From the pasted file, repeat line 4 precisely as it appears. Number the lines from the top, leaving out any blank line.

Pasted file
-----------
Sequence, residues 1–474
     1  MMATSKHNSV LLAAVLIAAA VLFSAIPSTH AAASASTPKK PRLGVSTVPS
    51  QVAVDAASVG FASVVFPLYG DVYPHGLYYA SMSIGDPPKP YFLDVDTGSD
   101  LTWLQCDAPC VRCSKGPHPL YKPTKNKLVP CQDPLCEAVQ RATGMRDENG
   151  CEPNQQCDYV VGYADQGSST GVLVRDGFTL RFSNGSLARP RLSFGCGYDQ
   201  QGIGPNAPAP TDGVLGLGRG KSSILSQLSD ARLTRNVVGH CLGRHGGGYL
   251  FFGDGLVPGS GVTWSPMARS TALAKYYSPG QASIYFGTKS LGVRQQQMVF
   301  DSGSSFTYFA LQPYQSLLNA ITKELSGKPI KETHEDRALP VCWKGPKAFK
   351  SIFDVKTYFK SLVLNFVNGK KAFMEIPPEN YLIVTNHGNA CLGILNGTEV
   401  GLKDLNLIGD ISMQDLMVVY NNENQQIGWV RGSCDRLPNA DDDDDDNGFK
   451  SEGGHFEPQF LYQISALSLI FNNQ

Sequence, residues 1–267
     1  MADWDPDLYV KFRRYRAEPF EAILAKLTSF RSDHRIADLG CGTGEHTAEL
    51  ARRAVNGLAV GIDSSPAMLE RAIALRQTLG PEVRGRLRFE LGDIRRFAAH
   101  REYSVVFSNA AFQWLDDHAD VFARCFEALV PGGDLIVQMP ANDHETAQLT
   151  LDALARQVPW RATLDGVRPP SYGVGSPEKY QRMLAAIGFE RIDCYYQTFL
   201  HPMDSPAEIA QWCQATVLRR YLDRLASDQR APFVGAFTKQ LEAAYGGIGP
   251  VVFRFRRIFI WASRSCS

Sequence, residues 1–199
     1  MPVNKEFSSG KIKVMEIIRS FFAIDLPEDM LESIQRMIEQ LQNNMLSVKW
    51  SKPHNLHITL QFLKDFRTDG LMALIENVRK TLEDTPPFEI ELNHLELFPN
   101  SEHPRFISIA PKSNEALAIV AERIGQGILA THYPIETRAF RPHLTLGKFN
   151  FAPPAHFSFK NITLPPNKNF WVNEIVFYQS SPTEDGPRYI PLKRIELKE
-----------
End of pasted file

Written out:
   101  LTWLQCDAPC VRCSKGPHPL YKPTKNKLVP CQDPLCEAVQ RATGMRDENG